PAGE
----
When a couple of nerds, Bill Gates, and Paul Allen, founded Microsoft in 1975, they didn’t know what they were getting into. Paul Allen, after a battle with Hodgkin’s disease, eventually resigned from Microsoft in November 2000. Bill Gates, still Chairman of the Board of Microsoft, has a new goal in life. He may be the hero – nerd.
Gates, and wife Melinda, co-founded the “Bill and Melinda Gates Foundation”. Theirs is the largest transparently operated charitable foundation in the world.
His passions run to a wide area of medical conditions. His attempt to eradicate polio sits at the top of a large agenda. NPR, which is funded by Gates’ foundation, asked him an interesting question.
“Why not just settle for the huge drop in polio cases that we’ve seen over the past decade and then spend money on other things that kill so many more kids, like diarrhea and malnutrition?”
“Polio is special,” Gates tells NPR’s Robert Siegel on All Things Considered. “Once you get it done, you save $2 billion a year that will be applied to those other activities. There’s no better deal economically to getting to zero.”
“Polio alone, for the last year, has been the majority of my time because we we’re having to really decide: Do we double down? Do we do this right?” he says.
He estimates that the cost will be 5.5 billion dollars, and will take about six years. At present, the disease is active in only three countries, Nigeria, Afghanistan and Pakistan.
But defeating polio is not his only concern. So far his foundation has donated more than $26 billion dollars to philanthropic causes.
November 2006 – he and his wife were awarded the Order of the Aztec Eagle for their philanthropic work around the world in the areas of health and education, particularly in Mexico.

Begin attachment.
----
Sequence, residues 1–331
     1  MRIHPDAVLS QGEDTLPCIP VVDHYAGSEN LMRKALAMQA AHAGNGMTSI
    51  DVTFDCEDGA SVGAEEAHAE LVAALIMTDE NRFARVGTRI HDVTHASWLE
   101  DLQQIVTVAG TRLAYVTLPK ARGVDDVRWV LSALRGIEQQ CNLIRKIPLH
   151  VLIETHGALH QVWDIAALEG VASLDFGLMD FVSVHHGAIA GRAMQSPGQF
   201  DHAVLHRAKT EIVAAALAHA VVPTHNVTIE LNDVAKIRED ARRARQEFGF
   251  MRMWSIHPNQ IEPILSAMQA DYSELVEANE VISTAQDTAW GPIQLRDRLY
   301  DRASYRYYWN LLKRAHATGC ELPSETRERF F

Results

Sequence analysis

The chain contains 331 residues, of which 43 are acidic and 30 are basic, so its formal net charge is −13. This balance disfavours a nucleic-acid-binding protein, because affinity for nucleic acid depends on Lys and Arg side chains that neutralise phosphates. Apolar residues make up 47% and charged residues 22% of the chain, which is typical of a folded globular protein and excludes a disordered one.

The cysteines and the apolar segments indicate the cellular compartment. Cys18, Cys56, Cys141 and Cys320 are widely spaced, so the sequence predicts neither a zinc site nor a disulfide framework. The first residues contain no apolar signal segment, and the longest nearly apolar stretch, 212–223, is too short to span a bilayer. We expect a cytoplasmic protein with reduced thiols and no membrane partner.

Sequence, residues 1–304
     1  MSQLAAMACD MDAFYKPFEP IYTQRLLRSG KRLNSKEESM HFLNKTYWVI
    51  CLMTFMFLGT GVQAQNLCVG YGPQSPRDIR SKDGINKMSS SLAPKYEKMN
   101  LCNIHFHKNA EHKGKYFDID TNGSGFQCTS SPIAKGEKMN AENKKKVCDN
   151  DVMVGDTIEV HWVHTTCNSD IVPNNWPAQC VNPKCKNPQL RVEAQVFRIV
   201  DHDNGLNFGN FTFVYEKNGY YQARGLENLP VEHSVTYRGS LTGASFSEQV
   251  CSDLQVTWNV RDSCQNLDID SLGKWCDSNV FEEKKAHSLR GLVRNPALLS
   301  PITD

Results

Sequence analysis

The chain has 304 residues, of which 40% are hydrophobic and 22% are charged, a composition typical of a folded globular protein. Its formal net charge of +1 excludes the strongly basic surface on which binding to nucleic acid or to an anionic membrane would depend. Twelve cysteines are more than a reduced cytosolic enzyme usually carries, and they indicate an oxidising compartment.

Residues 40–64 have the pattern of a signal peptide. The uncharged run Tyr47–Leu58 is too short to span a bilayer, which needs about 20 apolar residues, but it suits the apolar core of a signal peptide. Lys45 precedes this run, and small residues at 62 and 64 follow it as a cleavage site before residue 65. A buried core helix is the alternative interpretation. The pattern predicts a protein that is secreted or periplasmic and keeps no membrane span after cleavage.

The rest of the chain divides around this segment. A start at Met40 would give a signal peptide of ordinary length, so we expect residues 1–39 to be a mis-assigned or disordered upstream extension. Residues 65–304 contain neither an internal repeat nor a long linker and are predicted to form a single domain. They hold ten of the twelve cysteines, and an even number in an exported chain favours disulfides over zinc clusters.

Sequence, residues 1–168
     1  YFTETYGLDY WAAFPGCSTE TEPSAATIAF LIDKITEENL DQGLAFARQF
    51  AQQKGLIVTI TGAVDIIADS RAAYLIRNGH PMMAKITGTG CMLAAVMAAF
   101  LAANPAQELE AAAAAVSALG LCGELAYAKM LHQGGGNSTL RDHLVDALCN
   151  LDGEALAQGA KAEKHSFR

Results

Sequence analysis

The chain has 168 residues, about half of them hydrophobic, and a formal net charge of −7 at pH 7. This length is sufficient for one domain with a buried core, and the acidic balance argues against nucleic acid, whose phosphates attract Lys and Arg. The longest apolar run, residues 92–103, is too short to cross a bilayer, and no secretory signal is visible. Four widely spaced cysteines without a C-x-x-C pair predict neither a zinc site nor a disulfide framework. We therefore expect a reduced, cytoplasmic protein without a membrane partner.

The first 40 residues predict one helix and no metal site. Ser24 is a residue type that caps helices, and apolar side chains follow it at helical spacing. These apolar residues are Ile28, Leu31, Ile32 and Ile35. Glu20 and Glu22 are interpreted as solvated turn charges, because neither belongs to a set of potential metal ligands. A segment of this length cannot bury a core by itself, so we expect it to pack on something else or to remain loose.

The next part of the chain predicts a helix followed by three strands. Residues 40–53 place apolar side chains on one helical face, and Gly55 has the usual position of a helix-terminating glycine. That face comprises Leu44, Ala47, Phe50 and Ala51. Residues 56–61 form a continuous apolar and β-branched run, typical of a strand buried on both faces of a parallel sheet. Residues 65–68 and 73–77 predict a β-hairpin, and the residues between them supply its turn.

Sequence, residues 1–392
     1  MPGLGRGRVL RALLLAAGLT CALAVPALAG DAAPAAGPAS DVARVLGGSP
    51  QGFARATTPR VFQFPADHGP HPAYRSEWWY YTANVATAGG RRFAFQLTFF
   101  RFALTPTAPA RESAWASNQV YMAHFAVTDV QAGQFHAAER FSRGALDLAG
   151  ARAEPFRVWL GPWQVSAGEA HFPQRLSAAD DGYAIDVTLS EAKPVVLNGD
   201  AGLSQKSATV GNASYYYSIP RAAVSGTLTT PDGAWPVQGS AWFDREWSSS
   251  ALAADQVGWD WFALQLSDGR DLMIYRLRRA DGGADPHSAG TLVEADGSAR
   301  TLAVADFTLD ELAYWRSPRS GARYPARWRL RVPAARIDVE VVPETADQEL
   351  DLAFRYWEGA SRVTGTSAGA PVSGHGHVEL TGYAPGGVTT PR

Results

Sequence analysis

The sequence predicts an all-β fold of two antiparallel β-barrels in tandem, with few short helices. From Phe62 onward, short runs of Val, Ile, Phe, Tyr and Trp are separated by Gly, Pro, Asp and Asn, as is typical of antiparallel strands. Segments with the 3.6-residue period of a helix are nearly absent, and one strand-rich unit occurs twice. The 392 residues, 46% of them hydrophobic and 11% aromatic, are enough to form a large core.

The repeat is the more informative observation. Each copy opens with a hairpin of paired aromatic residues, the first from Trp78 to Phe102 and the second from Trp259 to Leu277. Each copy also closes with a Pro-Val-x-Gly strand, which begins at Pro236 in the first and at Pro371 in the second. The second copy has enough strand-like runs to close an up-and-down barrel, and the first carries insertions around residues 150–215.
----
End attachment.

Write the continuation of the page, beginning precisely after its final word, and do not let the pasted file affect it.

April 1, 2009 – Gates announces a partnership with the Chinese Ministry of Health to help fight an epidemic of tuberculosis in China, supported by a $33 million grant provided by the Bill & Melinda Gates Foundation.
January 29, 2010 – Gates Foundation announces it will donate $10 billion for vaccine research over the next ten years.
December 9, 2010 – Gates, investor Warren Buffett, and Mark Zuckerberg (Facebook’s CEO) signed a promise they called the “Gates-Buffet Giving Pledge”, in which they promised to donate to charity at least half of their wealth over the course of time.
Gates was in the Nation’s Capital this week, talking up his plan for Polio. He also discussed new farming methods and genetically modified seeds as an answer for hunger in Africa, whose staple crops were neglected in earlier research.
“It’s all about innovation,” Gates told POLITICO. “Now that I am focused on the poorest, in some ways, you could say the innovation is more basic.”
And that’s the one word that describes Gates best, innovation. From Microsoft, to the drought ridden fields of Africa, his mission is to find new ways, new materials, and new machines to help destroy disease, famine, and extreme poverty.
I don’t know about you, but Bill Gates is certainly a hero in my books. And I’m fairly sure, most nerds share my sentiment.
The Guardian Express